Karin Möstl

Univ.Prof. Univ.Doz. Dr.med.vet.

 

 
Karin Möstl qualified from the University of Veterinary Medicine Vienna (Austria) in 1977 and obtained her DVM in 1978. In the same year she became assistant lecturer at the Institute of Virology of the University of Veterinary Medicine Vienna, where she obtained her habilitation in Virology in 1991 (“Pathogenesis, diagnosis and prevention of coronavirus infections”) and was appointed associate professor. 
 
From 1991 to 1996 she was head of the Institute of Virology (in charge) and from 2004 - after reorganisation of the department structure - she had the position of head of the “Clinical Virology” of the University of Veterinary Medicine Vienna. She did some postgraduate studies in Budapest, Gent and Zürich. From 1998 to 2000 she did expert work for the EU about the geographical risk of Bovine Spongiform Encephalopathy. From 1999 to 2008 she was editor-in-chief of “Wiener Tierärztliche Monatsschrift – Veterinary Medicine Austria” and from September 2008 to September 2010 she was Vice Dean for Study Affairs of the University of Veterinary Medicine Vienna.
 
Karin Möstl retired from the University in 2014. Since then she is again editor-in-chief of “Wiener Tierärztliche Monatsschrift – Veterinary Medicine Austria”, member of the ABCD (2015 - 2019 as president, since 2019 vice-president) and member of the Board of the Austrian Society of Small Animal Veterinarians (VÖK).
 
Her research interests include virus infections of cats and dogs, especially coronaviruses, as well as pestivirus infections in ruminants. Additionally she has a special interest in teaching Veterinary Virology. 
 

She is married to a Veterinarian and has one daughter.

My list of 10 selected publications
Hosie MJ, Hofmann-Lehmann R, Hartmann K, Egberink H, Truyen U, Addie DD, Belák S, Boucraut-Baralon C, Frymus T, Lloret A, Lutz H, Marsilio F, Pennisi MG, Tasker S, Thiry E, Möstl K (2021): Anthropogenic Infection of Cats during the 2020 COVID-19 Pandemic. Viruses 13, 185. https://doi.org/10.3390/v13020185

 

Studer N, Lutz H, Saegerman C, Gönczi E, Meli ML, Boo G, Hartmann K, Hosie MJ, Moestl K, et al. (2019): Pan-European study on the prevalence of the Feline Leukaemia Virus Infection – Reported by the European Advisory Board on Cat Diseases (ABCD Europe). Viruses 11, 993. Doi: 10.3390/v11110993.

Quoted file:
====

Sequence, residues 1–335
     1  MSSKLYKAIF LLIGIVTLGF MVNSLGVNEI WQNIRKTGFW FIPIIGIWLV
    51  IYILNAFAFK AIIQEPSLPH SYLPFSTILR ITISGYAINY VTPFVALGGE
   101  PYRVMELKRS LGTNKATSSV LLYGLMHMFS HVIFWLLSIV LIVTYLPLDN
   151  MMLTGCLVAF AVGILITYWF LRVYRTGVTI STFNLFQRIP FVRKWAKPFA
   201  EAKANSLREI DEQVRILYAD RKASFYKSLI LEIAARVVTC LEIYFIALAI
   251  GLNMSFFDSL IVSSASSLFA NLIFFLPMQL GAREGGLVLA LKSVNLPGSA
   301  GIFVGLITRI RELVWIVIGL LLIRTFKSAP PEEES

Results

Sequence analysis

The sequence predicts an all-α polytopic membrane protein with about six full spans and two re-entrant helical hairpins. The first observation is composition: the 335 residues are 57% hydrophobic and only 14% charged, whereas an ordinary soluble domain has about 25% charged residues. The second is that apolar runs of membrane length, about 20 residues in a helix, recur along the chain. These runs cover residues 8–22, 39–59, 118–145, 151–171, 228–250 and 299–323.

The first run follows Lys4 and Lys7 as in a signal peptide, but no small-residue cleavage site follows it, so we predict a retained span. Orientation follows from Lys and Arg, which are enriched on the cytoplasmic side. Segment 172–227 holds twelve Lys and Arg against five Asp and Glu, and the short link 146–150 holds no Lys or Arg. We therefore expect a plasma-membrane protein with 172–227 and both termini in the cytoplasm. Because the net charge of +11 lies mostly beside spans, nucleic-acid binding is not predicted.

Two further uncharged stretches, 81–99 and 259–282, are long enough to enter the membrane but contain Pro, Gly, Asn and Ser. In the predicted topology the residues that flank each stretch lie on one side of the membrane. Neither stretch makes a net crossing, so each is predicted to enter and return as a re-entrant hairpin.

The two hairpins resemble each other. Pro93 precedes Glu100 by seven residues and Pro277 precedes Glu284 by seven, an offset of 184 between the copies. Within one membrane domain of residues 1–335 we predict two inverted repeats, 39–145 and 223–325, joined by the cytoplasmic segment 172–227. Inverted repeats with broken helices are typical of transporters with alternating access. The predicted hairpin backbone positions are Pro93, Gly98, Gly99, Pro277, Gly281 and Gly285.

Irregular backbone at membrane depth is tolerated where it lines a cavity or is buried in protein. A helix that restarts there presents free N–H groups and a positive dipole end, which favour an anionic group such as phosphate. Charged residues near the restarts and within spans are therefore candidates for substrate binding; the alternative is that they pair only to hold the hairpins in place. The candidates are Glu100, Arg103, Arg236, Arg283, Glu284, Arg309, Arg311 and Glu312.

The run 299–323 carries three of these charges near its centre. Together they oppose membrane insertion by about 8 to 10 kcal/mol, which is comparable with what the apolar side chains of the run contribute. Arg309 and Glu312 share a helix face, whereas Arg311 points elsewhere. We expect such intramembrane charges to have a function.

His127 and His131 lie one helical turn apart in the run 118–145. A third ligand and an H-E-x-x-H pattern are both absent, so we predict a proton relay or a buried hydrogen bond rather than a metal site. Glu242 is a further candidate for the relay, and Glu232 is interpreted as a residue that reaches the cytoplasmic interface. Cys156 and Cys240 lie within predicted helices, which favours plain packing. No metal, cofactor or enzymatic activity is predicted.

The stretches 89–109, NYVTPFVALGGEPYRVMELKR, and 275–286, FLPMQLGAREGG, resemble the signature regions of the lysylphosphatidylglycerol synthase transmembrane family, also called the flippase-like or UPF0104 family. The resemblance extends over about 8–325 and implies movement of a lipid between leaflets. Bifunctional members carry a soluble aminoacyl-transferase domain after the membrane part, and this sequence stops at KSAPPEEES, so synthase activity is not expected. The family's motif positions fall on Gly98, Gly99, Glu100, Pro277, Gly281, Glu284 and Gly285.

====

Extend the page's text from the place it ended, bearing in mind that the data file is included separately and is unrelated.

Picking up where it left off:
Haselberger A, Tichy A, Möstl K (2016): Erhebungen zum Antikörperstatus gegen felines Panleukopenievirus, felines Herpesvirus-1 und felines Calicivirus bei Katzen in Wien, Niederösterreich und Oberösterreich. Wien. Tierärztl. Mschr. – Vet. Med. Austria 103, 149-161.

 

Möstl K (2016): Duration of vaccine-induced immunity. Eur J Comp An Pract 26/4, p4-p8.

 

Firth CL, Möstl K (2015): A survey of feline leukaemia virus antigenaemia among cats in eastern Austria: a retrospective analysis of serum samples routinely tested between 1996 and 2011. J. Feline Med. Surg. OPEN REPORTS 1-7.

 

Molnar B, Duchamp Ch, Möstl K, Diehl P-A, Betschart B (2014): Comparative survey of canine parvovirus, canine distemper virus and canine enteric coronavirus infection in free-ranging wolves of central Italy and south-eastern France. Eur. J. Wildl. Res. 60, 613-624.

 

Möstl K (2014): Enteric and respiratory canine coronaviruses: importance and prevalence in Austria. Med.Weter. 70, 9, 520-523.

 

Möstl K, Egberink H, Addie D, Frymus T, Boucraut-Baralon C, Truyen U, Hartmann K, Lutz H, Gruffydd-Jones T, Radford AD, Lloret A, Pennisi MG, Hosie MJ, Marsilio F, Thiry E, Belák S, Horzinek M (2013): Prevention of infectious diseases in cat shelters. ABCD guidelines. Journal of Feline Medicine and Surgery 15 (7), 546-554.

 

Spiss S, Benetka V, Künzel F, Sommerfeld-Stur I, Walk K, Latif M, Möstl K (2012): Enteric and respiratory coronavirus infections in Austrian dogs: serological and virological investigations of prevalence and clinical importance in respiratory and enteric disease. Wien Tierarztl Monat 99, 67-81.

 

Weissl K, Benetka V, Schachner E, Tichy A, Latif M, Mayrhofer E, Möstl K (2012): Osteoarthritis in cats and the possible involvement of feline Calicivirus and feline Retroviruses. Wien Tierarztl Monat 99, 123-133.

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